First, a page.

Kane was also lucky enough to live long enough to reap some of the glory that his collaborator Bill Finger didn’t get. And yeah, Kane expressed some regret in his bio that he didn’t give Bill Finger the credit he was due during his lifetime, but that was a full 15 years after Bill Finger had died in poverty. For all his contrition in print, Kane proceeded to do jack shit about the credit issue the remaining nine years of his life. It was only due to the efforts of people like Marc Tyler Nobleman that Finger is credited on Batman today and his heirs are finally seeing some money from the character, nearly 80 years after his creation.
Hell, if you ever doubt Bob Kane’s towering ego, just take a look at his gravestone:
So yeah, much like the guy who created Star Trek, the guy who created Batman was kind of an asshole. But again, I can compartmentalize it pretty well, probably because I didn’t grow up on Bob Kane’s Batman. I grew up on the Batman by folks like Gerry Conway, Doug Moench, Don Newton, Gene Colan, Mike W. Barr, Jim Aparo, and Alan Davis, along with reprints by people like Denny O’Neil, Neal Adams, Dick Giordano, Steve Englehart, Marshall Rogers, and Terry Austin. And outside of the broad strokes, those Batmen are pretty far removed from what Bob Kane, Bill Finger, Jerry Robinson, and others were doing in the 1940s. So distance helps. But imagine if all of those gentlemen had chosen not to work on Batman because of stuff Bob Kane had done 30-50 years before. Wouldn’t we all be a bit poorer for it?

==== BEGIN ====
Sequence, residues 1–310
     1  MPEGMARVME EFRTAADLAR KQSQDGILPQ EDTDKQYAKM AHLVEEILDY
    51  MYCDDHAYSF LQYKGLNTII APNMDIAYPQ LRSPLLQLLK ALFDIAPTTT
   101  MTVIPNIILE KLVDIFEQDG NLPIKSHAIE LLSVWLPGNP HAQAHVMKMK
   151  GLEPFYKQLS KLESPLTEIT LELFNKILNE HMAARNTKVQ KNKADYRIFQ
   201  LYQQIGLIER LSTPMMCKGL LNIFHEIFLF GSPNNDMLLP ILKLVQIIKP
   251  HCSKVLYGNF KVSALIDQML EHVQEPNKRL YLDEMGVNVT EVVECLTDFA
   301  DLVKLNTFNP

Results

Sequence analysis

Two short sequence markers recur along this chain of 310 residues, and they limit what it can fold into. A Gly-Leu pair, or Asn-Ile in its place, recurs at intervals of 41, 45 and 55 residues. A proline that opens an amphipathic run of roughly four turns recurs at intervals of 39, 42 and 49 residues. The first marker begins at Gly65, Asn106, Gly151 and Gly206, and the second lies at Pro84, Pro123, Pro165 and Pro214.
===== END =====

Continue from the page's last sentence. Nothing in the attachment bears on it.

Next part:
…Is it a copout to compartmentalize this stuff? I don’t think so. My feelings on this matter are pretty well expressed by a sequence from the 1980s Bloom County, where Binkley and his friends try to become vegetarians for moral reasons. They keep making more and more adjustments to their lifestyle in the name of moral purity until finally, they end up like this:
Life is imperfect and filled with compromise, and everyone has to walk the line that they’re comfortable with. If you try to cut yourself off from every piece of art from someone you find morally objectionable, at some point you’re just depriving yourself of things you might enjoy, or learn something from. And that’s just making your world smaller, bit by bit.
So while I will never excuse the heinous shit that Harvey Weinstein has done to people in his lifetime (and good lord, is there a lot of it – fuck that guy forever), I can still consider myself richer for loving films he had a hand in, like The Tall Guy, Bob Roberts, Pulp Fiction, or Swingers. I’m a better person for having seen them, even if he’s not a better person for having made them.
See you next week with something less heavy.